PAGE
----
I was of that so-called Greatest Generation, those who survived somehow or other the Great Depression, then in their teen years the hardships and scarcities of the war effort which boosted the economy, though you might say we were all dressed up, but no place to go. Oh, there were places to go. The problem for country folks like the Burtons was getting there. We could afford the gasoline, but getting it was something else.
It was only reasonable that the troops and the ships rated priority in the allotment of petroleum products. German U-boats were sinking tankers in the Atlantic, and every time one was torpedoed there was less fuel for the military. Gas rationing came. At first for the average family, it was three gallons a week. Most families had but one car or truck, mostly an old and fuel-inefficient jalopy, so you can imagine how miserly drivers were even if they lived in towns and cities where shank’s mare could take them to the store.
There was no consideration for country folks. Regardless of how far you lived from where the necessities of life were, it was three gallons. Period. As the going got tough on the battlefronts of the European theater, for a spell the ration was cut back to a gallon and a half, which was worth about one trip into the village a week.
Moreover, for those who didn’t have defense jobs that warranted extra gas stamps to get back and forth to work, there was an additional big bump in the road. Not only was a family obliged to be miserly with their gas rationing stamps, they had to have tires. How much tread, if any, was left on them? Rubber was badly needed by the vehicles of the troops.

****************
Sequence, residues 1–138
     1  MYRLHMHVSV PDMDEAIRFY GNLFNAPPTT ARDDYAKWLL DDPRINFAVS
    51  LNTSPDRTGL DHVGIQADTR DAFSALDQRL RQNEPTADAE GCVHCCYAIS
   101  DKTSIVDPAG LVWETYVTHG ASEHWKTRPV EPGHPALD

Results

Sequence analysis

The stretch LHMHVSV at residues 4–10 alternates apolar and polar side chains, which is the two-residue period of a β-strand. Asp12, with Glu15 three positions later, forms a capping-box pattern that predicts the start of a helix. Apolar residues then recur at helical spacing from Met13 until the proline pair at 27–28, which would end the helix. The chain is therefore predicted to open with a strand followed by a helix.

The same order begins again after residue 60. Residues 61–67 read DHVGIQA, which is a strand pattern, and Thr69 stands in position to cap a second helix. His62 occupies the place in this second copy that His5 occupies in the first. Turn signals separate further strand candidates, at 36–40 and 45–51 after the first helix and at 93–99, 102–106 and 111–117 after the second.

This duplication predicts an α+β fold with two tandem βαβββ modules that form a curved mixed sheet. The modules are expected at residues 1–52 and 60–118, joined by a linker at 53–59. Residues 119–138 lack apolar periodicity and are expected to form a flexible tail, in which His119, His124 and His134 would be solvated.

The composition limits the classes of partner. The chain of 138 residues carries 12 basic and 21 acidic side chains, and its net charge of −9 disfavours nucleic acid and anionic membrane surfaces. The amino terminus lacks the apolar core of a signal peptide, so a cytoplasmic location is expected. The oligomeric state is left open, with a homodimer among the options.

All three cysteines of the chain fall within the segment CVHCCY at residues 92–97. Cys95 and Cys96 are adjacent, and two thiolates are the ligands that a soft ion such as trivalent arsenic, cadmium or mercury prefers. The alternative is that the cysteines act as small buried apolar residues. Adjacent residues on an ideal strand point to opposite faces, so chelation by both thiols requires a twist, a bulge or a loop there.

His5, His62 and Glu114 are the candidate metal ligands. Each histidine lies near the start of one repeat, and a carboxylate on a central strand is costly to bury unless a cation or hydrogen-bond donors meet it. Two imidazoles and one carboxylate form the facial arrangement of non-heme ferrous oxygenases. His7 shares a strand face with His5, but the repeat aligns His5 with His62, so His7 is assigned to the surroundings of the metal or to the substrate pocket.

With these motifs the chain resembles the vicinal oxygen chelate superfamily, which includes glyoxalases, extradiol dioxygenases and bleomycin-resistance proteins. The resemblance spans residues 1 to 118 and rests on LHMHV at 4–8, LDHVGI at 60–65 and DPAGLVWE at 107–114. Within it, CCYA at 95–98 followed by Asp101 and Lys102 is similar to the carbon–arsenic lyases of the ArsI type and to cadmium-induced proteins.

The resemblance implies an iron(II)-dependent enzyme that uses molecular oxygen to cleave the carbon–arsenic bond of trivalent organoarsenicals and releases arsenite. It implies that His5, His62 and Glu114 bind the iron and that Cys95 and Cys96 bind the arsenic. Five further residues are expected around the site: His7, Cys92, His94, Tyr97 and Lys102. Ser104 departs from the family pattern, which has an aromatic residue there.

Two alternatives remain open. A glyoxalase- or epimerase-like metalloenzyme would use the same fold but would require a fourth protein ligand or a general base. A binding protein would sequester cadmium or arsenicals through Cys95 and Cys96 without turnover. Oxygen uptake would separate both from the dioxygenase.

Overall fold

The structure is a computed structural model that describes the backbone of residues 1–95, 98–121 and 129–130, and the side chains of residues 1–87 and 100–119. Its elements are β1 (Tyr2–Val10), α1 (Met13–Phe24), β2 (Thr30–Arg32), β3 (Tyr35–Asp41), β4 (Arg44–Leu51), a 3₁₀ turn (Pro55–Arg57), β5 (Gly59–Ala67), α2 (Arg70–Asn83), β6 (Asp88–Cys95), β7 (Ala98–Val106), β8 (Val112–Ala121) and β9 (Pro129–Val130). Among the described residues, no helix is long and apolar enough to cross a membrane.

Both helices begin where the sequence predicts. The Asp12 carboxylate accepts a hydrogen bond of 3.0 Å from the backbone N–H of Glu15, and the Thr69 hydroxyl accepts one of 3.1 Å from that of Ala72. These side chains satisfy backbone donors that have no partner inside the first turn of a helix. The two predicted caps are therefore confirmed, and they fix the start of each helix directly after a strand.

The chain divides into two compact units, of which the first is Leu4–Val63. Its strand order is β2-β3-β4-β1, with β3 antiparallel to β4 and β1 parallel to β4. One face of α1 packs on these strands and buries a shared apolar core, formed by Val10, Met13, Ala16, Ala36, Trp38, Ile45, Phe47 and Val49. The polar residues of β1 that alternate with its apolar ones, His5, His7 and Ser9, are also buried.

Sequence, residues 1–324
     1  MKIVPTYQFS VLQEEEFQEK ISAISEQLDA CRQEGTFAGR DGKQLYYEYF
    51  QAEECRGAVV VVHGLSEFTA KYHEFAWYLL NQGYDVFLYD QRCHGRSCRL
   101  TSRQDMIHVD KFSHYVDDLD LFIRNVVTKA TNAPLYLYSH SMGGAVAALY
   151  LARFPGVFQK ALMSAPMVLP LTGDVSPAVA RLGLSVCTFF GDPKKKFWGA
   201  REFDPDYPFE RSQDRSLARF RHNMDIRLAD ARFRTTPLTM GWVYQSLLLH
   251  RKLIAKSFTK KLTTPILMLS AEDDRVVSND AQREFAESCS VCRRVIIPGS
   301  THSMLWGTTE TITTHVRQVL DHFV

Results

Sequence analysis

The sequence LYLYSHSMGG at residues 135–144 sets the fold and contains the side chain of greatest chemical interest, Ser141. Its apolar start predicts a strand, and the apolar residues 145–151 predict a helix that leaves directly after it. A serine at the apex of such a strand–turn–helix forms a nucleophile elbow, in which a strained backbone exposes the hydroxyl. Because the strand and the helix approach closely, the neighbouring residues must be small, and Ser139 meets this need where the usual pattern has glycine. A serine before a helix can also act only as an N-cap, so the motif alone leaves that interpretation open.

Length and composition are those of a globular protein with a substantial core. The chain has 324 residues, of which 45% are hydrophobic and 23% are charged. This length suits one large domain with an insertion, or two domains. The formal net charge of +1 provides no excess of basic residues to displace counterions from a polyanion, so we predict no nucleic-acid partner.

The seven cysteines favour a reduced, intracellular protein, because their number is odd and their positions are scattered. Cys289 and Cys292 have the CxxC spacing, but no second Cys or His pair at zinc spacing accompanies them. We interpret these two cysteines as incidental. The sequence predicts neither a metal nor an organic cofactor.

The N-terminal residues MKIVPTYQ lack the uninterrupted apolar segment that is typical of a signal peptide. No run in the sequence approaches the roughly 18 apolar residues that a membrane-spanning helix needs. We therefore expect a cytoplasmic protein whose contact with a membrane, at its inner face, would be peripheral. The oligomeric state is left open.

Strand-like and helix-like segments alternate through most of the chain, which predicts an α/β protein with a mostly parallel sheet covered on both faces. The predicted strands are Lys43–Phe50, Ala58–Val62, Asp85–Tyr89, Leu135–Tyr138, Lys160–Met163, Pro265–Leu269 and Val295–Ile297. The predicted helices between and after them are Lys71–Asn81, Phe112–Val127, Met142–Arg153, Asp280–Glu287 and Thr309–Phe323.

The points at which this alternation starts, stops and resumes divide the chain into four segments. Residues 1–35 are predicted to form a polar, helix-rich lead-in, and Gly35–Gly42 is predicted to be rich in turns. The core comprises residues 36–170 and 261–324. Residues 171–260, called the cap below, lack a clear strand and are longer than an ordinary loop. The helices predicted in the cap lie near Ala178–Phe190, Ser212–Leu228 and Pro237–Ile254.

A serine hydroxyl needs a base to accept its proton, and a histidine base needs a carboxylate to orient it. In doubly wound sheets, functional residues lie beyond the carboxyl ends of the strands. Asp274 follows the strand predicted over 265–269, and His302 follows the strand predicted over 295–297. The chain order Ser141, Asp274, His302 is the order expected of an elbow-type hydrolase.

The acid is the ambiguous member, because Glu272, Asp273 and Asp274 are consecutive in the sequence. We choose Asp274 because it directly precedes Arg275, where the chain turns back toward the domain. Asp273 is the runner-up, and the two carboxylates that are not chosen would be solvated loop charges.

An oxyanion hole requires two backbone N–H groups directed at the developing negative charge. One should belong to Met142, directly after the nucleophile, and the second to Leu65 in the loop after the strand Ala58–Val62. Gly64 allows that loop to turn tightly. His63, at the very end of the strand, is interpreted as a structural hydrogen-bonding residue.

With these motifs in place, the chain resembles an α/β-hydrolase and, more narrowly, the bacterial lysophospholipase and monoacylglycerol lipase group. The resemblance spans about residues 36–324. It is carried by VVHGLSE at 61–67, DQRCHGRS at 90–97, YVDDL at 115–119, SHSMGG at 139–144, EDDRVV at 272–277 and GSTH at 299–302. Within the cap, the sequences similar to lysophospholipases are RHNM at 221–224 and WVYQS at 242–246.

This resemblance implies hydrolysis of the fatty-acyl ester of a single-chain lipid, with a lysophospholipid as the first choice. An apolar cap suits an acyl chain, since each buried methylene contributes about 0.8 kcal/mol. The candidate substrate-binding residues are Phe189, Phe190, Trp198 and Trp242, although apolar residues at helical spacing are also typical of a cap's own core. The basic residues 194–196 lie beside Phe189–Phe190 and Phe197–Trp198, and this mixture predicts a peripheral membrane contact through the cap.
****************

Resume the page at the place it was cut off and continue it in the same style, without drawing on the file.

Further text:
Tires were strictly rationed; unless the driver had a defense job, getting replacements was virtually impossible. It wasn’t even legal to buy second-hand tires; when the rubber was gone, so was the transportation. Many a vehicle spent much of the war years jacked up and useless for want of tires. Car-pooling to work for non-defense jobs became no longer voluntary but necessary.
We lived a bit over two miles from the village; My father had no problem getting gas stamps because he was a supervisor in a bus company that catered to servicemen on liberty. But to be eligible for those stamps, he had to work exceptionally long days, often seven days a week. So for me it was hiking two miles to the village to catch a bus to high school several miles farther. For school activities there was no transportation. What girl would accept an invitation to walk five miles to a prom? Her corsage would be wilted by the time we got there.
We Have Met the Enemy
Today, I’m stingy with the carbon footprint I leave behind, generally drive only when prudent or think I must. But there’s the satisfaction that for the time being at least fuel is available.
Methinks, those of today who do the griping should appreciate there are many Indians who don’t have moccasins. We still have a choice. We brought it all on ourselves by believing we deserved all the possible amenities life could offer. Now we realize, Pogo the cartoon possum was right. We have met the enemy and he is us. Enough said.